Yet Another Useless Language Part 5 — Variables

This is the fifth part of the YAUL series. For your convenience you can find other parts in the table of contents in Part 1 — Introduction

Hi! Today we are going to add variables support to our language.


In previous parts we saw implementation of variable type for storing values and performing operations. We also saw the grammar for YAUL which allows us to declare variables, create arrays, and perform operations on values. We do not need to declare variables explicitly, however, we need to assign them any value before they are used in subsequent operations.

Before we dig into C# code, let’s see the Python code for parsing operations.


First, we start with defining lexems.


Before we do anything in our language, let’s define symbols, operator precedence, and compound operators:

First, we define all allowed characters in our source code. Any other character will be ignored silently. Next, we define operators’ precedence. We will use it when it comes to operations on variables.

Next, let’s define keywords and operators:

First, we define a list of keywords. You can see that we have keyword for all common constructions, we also have custom keyword for printing variables. We also define how to match operators consisting of two characters.

Let’s also ignore comments in the source code:

We should also handle line numbers and errors in order to present better error descriptions:


We have only two primitives in our language: numbers (integers) and strings. So let’s handle them with PLY:

String is basically anything delimited with double quotation marks. Notice that we have non-greedy match in order to not catch too many characters. Numbers are just bunch of digits, nothing more. We do not handle real numbers.

OK, we can handle literals.


Let’s now handle identifiers for variables:

Identifier is anything starting with letter or underscore, followed by any number of letters, digits, and underscores. We parse the lexem and store its type.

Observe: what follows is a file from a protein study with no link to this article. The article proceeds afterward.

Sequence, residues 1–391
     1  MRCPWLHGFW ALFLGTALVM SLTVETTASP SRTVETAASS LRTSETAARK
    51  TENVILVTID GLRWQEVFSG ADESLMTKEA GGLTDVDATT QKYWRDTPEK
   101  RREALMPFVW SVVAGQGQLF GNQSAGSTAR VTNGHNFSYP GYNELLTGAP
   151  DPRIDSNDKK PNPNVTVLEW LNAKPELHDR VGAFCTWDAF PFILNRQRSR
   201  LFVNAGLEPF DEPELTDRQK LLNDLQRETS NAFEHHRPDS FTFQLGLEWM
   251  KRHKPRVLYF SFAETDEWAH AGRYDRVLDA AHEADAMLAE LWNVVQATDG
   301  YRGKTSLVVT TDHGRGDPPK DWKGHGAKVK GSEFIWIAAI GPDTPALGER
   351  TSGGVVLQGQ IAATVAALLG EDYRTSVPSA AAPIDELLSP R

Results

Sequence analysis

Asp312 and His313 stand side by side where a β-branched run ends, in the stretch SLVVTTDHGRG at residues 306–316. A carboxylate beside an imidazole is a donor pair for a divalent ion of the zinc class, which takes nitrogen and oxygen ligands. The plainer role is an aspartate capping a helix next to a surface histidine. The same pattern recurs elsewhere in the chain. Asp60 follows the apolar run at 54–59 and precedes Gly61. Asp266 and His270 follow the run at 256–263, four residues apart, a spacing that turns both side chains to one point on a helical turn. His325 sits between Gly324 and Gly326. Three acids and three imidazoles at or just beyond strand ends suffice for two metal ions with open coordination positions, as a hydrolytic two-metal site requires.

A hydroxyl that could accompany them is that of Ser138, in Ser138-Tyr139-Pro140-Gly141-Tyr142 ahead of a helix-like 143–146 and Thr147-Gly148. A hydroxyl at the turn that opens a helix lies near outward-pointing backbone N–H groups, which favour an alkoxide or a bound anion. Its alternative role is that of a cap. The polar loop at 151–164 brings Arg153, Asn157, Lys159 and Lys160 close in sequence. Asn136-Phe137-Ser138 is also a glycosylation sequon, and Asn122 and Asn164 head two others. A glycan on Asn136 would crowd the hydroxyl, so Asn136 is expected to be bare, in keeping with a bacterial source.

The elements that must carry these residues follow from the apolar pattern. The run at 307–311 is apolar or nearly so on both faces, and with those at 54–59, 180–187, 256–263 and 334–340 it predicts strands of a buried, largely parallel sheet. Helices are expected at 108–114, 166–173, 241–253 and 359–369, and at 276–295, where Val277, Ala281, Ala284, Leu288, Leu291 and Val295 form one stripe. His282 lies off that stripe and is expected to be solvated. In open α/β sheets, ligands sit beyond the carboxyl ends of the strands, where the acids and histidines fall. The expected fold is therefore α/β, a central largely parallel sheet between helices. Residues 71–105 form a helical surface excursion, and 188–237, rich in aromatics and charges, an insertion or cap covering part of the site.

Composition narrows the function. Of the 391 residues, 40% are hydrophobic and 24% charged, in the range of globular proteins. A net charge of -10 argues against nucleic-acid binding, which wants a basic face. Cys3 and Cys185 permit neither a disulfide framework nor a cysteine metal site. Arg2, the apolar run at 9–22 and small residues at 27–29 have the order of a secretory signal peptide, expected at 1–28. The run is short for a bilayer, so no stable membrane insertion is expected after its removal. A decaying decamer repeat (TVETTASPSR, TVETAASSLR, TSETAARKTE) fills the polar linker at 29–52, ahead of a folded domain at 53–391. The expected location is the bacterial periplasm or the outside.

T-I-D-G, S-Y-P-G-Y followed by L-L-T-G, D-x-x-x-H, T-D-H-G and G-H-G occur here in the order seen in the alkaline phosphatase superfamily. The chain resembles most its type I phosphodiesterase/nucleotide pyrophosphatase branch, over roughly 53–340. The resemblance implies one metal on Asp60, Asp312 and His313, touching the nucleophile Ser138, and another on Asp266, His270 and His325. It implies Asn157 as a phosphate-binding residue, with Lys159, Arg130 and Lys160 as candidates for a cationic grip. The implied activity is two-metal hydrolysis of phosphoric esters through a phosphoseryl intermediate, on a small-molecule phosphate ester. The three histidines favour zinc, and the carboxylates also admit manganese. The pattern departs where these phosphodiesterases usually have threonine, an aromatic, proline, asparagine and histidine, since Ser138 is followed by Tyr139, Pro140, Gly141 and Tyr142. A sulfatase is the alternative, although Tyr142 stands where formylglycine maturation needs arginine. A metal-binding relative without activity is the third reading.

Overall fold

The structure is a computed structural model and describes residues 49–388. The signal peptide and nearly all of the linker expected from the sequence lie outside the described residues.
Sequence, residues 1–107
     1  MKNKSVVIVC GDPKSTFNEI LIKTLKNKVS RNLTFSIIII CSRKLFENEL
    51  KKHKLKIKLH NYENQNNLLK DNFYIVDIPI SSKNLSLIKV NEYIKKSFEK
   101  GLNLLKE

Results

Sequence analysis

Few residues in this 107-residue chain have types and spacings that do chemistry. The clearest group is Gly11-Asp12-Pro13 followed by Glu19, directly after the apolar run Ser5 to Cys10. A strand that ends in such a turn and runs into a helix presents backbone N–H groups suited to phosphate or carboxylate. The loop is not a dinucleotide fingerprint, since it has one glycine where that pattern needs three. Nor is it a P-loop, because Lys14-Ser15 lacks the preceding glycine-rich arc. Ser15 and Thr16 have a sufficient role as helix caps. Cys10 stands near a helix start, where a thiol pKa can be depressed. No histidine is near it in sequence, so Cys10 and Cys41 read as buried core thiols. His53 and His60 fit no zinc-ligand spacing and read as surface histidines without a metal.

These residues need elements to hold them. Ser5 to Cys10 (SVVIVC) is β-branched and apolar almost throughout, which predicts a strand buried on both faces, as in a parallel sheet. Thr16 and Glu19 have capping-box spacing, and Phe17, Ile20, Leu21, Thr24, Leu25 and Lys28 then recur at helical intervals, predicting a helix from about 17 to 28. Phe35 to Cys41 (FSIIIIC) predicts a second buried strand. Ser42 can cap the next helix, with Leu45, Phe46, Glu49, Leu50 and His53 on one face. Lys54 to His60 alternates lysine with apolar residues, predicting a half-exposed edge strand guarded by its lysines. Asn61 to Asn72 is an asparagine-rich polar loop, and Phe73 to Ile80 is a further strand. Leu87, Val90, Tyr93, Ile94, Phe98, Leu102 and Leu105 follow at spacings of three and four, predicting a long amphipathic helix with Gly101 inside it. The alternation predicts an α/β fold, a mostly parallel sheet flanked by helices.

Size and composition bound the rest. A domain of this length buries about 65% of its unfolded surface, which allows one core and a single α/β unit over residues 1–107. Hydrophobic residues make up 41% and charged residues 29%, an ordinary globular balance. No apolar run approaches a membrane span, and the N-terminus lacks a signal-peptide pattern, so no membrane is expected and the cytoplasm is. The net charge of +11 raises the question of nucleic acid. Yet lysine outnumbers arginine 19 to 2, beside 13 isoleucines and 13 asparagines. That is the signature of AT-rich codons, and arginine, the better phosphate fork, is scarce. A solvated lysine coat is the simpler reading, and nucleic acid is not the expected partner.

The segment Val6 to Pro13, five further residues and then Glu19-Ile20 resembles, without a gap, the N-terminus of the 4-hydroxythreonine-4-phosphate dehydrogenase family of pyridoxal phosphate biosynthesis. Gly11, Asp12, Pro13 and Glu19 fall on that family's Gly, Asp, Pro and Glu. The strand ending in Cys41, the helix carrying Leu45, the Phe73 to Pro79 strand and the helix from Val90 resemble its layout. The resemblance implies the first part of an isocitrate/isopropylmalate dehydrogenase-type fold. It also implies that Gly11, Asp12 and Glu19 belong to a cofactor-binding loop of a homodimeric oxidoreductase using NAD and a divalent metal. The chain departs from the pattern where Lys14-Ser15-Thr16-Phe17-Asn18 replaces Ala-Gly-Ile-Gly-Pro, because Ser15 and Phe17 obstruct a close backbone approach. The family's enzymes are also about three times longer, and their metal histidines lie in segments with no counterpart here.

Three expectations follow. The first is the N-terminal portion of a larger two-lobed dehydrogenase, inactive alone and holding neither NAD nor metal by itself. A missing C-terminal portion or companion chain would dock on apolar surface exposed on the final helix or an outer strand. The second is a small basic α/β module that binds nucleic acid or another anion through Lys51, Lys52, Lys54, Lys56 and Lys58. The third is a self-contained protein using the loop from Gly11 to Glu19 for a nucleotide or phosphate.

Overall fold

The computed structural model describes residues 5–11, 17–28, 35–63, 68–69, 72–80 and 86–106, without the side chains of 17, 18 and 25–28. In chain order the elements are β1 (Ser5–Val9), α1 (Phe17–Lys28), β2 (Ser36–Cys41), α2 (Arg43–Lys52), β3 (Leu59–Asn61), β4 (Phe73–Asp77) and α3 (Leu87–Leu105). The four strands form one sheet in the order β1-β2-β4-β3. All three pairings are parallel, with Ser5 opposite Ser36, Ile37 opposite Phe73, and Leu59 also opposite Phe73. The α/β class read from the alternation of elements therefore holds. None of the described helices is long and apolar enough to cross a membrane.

OK, we are able to match literals and identifiers. Let’s write code to store value in the variable:

Here we match expressions in form variable = literal. We can match any expression as right side of assignment, and store data in Assignment object to utilize it later. Expression is allowed to have the following form:

First, we handle operators like addition or multiplication. We parse them and store as BinaryOperation which we will examine in next parts of this series. We can also handle different things as expressions: function calls, literals, other variables, array elements, array definitions, and empty arrays. We will cover most of them in next parts. For now let’s focus on few of them.

First, literals. We assume that literal is string or number:

Since we will handle types in C# code, we do not need to handle them explicitly, we just store the value.

Next, let’s handle assigning one variable to another:

We treat variable as VariableDereference. In the C# counterpart we will need to check whether the variable is already defined. If it is so — we can perform assignment.


When it comes to arrays, we can create empty array with specified size:

We create new array and initialize its elements to zeros. We can also define array as list of expressions:

We match two brackets and extract all values separated with commas. We can also extract element from array:

And we can assign value to array’s element:

That’s it when it comes to PLY code. Most of it is rather straightforward, we simply extract tokens from source code and store them in custom classes in order to handle them later. Nothing fancy here.


Now it is time to write C# code to handle values.

Basic variables assignment

Let’s start with assigning variables:

As we saw in previous part, we store all variables in visitor object. First, we try to find variable by name — if there is no such a variable, we simply create it in lines 16-19. Please also notice Expression.Variable in line 18 — this is the code which creates actual variable using lambdas. This lambda will be translated into ordinary variable definition of type SimpleObject with specified name, so this will be something like: SimpleObject name;.